Header Foto 210128 China Briefing 2/2021 Top Story
Briefing
China Briefing
11 min read

Biden officials stake out hawkish positions on China, Xi pushes back

The facts: US President Joe Biden’s top officials used confirmation hearings to outline hawkish, multilateral positions on China. Secretary of State Antony Blinken replied “I have no doubt” when asked how certain he was China wanted to become the world’s “predominant” power and said, “That would be my judgment as well” when commenting on predecessor Mike Pompeo’s charge that Beijing was committing genocide against Muslims in Xinjiang. Treasury Secretary Janet Yellen vowed “to take on China's abusive, unfair and illegal practices” by working “with our allies rather than unilaterally.

Chinese President Xi Jinping countered by calling for “peaceful coexistence” and an end to “ideological prejudice” – and by implicitly rejecting international norms like universal human rights. Addressing the virtual Davos meeting, Xi said “the best criteria” to judge a country’s record were whether its “history, culture and social system fit its particular situation, enjoy people's support, serve to deliver political stability, social progress and better lives, and contribute to human progress.”

Shortly after US President Joe Biden’s inauguration and shortly before Xi’s Davos speech, Chinese military aircraft entered Taiwan's air space two days in a row. While incursions into Taiwan's so-called air defense identification zone aren't new, the number of planes involved signaled an escalation of activity by the People’s Liberation Army (PLA). Its actions forced the Biden administration to release its first statement on Taiwan. It reaffirmed Washington’s “rock-solid” commitment to the country, noting “with concern the pattern of ongoing PRC attempts to intimidate its neighbors, including Taiwan”.

What to watch: Initial statements from incoming Biden administration officials on China signal a continuation of tough positions on trade and technology and emphasize a new focus on multilateral cooperation on human rights and democratic values. But China is pushing back, emphasizing the need to de-escalate US-China tensions while promoting its own vision of global leadership.

MERICS analysis: “Incoming Biden administration officials will continue to navigate the line between showing they are tough on China and emphasizing the coherence and effectiveness of their strategy compared to Trump’s approach. China will seek to deter the United States from creating effective coalitions against its assertive economic and military behavior while shoring up its own global coalitions and support,” said Matt Ferchen, MERICS’ Head of Global China Research.

Media coverage and sources:

Beijing imposes travel restrictions ahead of New Year travel season

The facts: Ahead of the Lunar New Year travel season around February 12, China’s National Health Commission has imposed strict country-wide travel regulations. These include mandatory Covid-19 checks for all trans-provincial and some intra-provincial journeys, and a 14-day quarantine upon arrival. Shanghai, Beijing and several local governments have asked citizens to suspend travel plans, and Hebei, Jilin and some other provinces have even imposed total lockdowns. China plans to have 50 million people vaccinated by 12 February and mainly uses Chinese vaccines developed by Sinopharm and Sinovac that have reported efficacy rates ranging from 50.4 to 79 percent. China has been reporting between 50 and 150 new Covid-19 cases a day throughout January.

What to watch: Normal Lunar New Year celebrations are off the table. Too few people have been vaccinated and any clusters of Covid-19 cases threaten to unleash a new large-scale outbreak. So far, swift and uncompromising lockdowns and demanding regulations – such as vigorously enforced 14-day quarantines – have been effective.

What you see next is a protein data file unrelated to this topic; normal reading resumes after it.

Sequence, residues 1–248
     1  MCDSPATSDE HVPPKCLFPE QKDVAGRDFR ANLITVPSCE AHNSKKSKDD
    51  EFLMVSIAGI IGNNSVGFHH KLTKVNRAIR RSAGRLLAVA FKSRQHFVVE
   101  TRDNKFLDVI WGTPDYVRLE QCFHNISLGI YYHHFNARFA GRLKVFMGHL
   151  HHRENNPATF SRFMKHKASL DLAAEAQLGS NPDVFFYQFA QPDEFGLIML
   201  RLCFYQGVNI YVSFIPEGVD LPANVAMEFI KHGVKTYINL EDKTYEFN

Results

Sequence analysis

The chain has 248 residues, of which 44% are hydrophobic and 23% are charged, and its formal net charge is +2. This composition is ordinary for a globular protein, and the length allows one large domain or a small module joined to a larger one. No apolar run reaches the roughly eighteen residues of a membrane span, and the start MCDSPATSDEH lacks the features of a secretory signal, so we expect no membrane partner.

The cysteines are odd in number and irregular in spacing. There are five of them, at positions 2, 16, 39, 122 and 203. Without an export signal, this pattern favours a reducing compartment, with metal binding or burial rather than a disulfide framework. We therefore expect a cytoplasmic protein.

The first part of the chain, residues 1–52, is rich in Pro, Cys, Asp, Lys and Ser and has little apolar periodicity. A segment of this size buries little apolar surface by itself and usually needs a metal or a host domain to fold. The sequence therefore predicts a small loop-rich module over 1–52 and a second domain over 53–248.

MERICS analysis: The economic and social impact of the pandemic has been less severe in China than in many other parts of the world, including the EU. However, as the holiday season will likely be subdued, consumer spending, restaurant visits and tourism could be comparatively bleak. As a result, the lagging recovery of consumption will remain a challenge.

Media coverage and sources:

Top central banker suggests permanent scrapping of growth targets

The facts: With debt levels in China rising at a fast pace, a top central banker has suggested to permanently stop setting annual economic growth targets. According to a speech transcript published on Sina.com, Ma Jun, member of the monetary policy committee of the People’s Bank of China (PBOC) and its former chief economist, warned that continuing to set gross domestic product (GDP) targets may worsen the debt risks among local governments as they tried to meet unrealistic goals. Beijing should, instead, focus on stabilizing employment and controlling inflation. In 2020, the central government had, for the first time in decades, not  set an annual growth target due to the uncertainty following the Covid outbreak.

What to watch: In 2020, China’s GDP grew 2.3 percent and 6.5 percent in the last quarter. The country is easily outperforming Western economies. The International Monetary Fund (IMF) forecast China’s economy would grow 7.9 percent this year. But there are risks. Covid-19 appears to be re-emerging in China as several provinces deal with new outbreaks. Strong external demand has boosted GDP recovery. If external demand falls, Chinese growth could yet take another hit.

MERICS analysis: “Domestic demand has been the weak leg of China’s economic recovery – inflation did not rise strongly with growth, and retail sales did not grow in line with industrial output,” said MERICS analyst Maximilian Kärnfelt.

More on the topic: Read the latest issue of the MERICS Economic Indicators for an in-depth analysis of China’s economy in the last quarter of 2020.

Media coverage and sources:

Vis-à-vis: Joseph Odindo on China’s influence on African media

MERICS China Joseph OdindoBriefing spoke with Joseph Odindo, a journalism lecturer at Kenya’s Graduate School of Media and Communication at Aga Khan University, about China’s influence on African media. He is the former editorial head of the Nation Media Group and of the Standard Media Group in Nairobi.

How has China’s influence changed the media landscape in Kenya, and Africa generally?